South Africa's guava industry at crucial crossroads -

South Africa's guava industry at crucial crossroads

South Africa's nascent guava industry is facing some tough challenges, such as raising its marketing profile and fighting off a killer disease that has hit growers in the northern part of the country. Despite tough conditions the relatively new exotic fruit has promising export potential, as found out when we spoke to several industry players.

Guava Producers' Association chair Wiehahn Victor, argues the biggest challenge lies in growing the market both domestically and abroad for the fruit.

However, since 2008 the industry in partnership with the Department of Trade and Industry (DTI) has been raising the fruit's profile with a marketing campaign to increase demand locally.

Victor explains the focus of the campaign was to push the fruit's "excellent nutritional value", versatility and its availability for seven or eight months a year.

A recipe book was produced along with a media campaign including magazine articles and live broadcast discussions about the fruit and its high nutritional value; guavas have three times the level of vitamin C as oranges.

He says the industry is trying to market the fruit as 'exotic' along the lines of kiwifruit and pomegranates. Until the market grows substantially, domestically funds are not available to conduct a similar promotional campaign overseas.

South Africa is relatively small player in the global guava market exporting less than ZAR35 million (US$4.2 million) in 2011, according to the National Agricultural Marketing Council.

A further challenge for the export of fresh guavas is they only have a 14-day shelf life, making export possible only in processed form, fetching lower prices. Although, growers are eager to promote both forms as they offer different opportunities domestically and internationally.

Out of the 45,000 metric tons (MT) of guava produced annually about a third is grown in the Western Cape, where Fan Retief is the main cultivar, with the rest grown in the Northern provinces of Limpopo and Mpumalanga.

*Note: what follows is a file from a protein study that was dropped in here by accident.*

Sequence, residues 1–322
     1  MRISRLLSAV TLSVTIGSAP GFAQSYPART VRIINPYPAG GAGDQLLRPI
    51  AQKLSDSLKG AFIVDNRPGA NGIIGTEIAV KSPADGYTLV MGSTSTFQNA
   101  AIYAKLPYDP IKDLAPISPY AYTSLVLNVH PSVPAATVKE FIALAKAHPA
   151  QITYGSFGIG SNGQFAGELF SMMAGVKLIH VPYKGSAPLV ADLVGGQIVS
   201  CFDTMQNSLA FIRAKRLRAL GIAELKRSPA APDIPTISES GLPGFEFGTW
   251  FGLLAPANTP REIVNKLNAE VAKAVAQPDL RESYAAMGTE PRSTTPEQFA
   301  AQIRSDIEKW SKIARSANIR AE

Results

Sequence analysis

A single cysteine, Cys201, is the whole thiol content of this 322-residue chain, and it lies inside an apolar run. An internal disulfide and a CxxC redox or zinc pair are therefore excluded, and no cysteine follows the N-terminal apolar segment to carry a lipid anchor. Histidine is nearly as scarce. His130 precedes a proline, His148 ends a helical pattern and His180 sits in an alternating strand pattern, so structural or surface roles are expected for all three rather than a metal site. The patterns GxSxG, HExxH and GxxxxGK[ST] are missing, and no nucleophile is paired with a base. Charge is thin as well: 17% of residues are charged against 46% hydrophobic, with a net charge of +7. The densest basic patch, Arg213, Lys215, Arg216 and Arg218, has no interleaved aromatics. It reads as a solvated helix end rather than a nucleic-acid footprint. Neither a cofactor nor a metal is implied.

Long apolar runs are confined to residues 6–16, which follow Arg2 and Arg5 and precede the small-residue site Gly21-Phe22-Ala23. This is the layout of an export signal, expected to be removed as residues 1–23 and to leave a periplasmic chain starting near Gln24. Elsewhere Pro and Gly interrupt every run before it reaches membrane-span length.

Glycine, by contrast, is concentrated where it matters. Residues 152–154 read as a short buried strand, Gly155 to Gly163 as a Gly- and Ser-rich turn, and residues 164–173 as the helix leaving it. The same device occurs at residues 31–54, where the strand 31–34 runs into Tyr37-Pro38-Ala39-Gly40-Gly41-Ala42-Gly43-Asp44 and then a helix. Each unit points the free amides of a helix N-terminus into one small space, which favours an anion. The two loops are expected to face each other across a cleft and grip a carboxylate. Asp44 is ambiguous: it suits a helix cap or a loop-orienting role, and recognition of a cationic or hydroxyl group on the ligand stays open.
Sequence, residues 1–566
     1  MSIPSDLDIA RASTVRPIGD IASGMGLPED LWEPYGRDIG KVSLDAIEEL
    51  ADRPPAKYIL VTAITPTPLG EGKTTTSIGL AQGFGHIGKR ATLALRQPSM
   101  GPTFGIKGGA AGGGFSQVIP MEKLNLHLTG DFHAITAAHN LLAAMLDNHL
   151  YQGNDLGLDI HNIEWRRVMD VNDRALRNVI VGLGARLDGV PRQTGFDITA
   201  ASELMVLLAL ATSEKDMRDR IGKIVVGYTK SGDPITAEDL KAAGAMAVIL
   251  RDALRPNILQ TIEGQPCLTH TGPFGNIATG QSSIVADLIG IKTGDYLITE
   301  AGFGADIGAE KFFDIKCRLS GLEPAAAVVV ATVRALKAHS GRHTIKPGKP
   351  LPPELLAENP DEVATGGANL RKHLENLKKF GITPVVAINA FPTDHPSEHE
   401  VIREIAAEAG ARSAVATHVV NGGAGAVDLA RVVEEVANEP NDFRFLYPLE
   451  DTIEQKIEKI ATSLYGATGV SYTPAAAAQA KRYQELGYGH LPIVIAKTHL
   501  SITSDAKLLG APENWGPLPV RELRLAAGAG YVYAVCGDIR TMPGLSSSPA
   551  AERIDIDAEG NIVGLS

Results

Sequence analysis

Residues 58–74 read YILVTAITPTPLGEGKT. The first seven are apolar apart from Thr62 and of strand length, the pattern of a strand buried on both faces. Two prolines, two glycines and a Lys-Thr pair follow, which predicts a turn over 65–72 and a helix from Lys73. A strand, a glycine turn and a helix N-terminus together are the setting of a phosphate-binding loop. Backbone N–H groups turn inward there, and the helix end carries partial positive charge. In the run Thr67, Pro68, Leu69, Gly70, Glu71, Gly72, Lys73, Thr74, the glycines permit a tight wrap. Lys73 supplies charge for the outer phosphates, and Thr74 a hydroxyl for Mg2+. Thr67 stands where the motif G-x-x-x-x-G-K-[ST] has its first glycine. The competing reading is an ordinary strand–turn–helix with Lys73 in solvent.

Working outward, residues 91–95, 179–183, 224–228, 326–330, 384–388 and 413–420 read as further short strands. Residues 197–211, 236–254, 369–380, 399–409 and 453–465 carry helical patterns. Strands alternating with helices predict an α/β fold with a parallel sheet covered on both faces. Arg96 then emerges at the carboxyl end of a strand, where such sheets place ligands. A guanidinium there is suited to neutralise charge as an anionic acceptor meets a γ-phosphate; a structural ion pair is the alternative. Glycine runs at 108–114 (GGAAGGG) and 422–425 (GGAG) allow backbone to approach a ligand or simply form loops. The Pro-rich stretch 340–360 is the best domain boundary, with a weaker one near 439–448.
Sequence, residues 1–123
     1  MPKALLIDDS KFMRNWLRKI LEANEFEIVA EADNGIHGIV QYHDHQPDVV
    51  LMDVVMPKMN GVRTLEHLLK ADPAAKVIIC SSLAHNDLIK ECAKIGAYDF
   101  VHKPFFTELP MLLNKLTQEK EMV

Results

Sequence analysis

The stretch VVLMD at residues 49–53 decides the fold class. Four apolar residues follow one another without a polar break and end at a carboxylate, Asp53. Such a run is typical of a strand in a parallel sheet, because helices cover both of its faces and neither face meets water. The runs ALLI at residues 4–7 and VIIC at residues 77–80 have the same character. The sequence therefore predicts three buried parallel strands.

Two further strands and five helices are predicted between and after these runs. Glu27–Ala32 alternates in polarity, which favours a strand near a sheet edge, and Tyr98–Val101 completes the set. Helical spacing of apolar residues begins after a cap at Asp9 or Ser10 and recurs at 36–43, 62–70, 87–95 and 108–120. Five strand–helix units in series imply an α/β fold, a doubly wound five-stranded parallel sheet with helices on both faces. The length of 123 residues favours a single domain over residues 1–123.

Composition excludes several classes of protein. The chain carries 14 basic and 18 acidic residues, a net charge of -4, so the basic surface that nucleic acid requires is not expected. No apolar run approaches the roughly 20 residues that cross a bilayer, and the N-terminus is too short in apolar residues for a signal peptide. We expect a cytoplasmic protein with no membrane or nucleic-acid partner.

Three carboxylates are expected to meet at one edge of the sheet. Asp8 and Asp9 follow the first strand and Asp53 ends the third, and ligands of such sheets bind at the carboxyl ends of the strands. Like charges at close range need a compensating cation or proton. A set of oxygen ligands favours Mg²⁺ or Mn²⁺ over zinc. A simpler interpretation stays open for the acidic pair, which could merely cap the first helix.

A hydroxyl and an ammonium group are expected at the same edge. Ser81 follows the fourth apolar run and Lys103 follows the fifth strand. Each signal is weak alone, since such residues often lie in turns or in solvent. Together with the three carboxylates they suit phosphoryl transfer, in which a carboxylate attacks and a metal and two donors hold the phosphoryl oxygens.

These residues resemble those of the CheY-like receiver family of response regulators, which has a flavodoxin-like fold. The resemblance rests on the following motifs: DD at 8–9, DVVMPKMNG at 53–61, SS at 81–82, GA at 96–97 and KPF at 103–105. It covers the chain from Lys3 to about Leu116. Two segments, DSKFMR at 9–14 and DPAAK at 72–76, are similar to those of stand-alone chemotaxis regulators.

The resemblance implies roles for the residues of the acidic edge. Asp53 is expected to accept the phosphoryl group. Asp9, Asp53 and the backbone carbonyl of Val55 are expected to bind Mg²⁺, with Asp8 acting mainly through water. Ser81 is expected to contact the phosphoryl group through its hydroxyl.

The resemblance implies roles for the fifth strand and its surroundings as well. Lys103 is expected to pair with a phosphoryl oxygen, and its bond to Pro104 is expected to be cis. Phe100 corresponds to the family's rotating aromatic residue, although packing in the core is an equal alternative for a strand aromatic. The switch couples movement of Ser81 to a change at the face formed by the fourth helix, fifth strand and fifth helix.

However, the northern areas are currently battling guava wilt disease, a soil-borne fungus that can kill a tree within a month of infection, which has wiped out nearly 30% of the trees in this part of the country.

Nelspruit farmer Frans Buys describes the disease as having a "devasting" affect on the area. He explains that one of his blocks, which has 2,500 trees, has fallen victim to the infection.

"At this rate, about two years from now, I don't think there will be any trees left in that block," he says.

Agricultural Research Council (ARC) researcher Maritha Schoeman, explains that Northern farmers originally grew Fan Retief but that this cultivar fell prey to guava wilt in 1981. ARC introduced a restistant cultivar in 1995 called TS G2, which also became susceptible when the disease mutated in 1999.

Schoeman has tested 15 fungicides so far, in search of a chemical solution but so far with no luck. She pins more hope on grafting a resistant cultivar, but says this is a long-term process with no promise of success.

She explains that guava wilt is a global problem, which occurs in many areas. She says that a recent trip to the Guava Symposium in Brazil yielded no solutions, although it did give her a few ideas for resistant strain production.

In the meantime, farmers like Buys are trying to plant new trees in an attempt to get production out of them before they inevitably get infected. Buys says he is likely to convert all his crops to litchi and macadamia if a resistant strain is not discovered soon.

He explains that Northern farmers would like to continue their support of the guava marketing campaign, especially as they produce almost a quarter of their crop for the fresh market and would like to stimulate it.

However, funds are running short and without a crop it will be impossible to market. He believes if guava wilt persists there will be a huge decline in the industry in the north in the next few years. By stark contrast, in the West growers remain optimistic about the production and growth of what they describe as the "wonder fruit".

The guava industry seems to be at a crucial crossroads poised between crisis and success.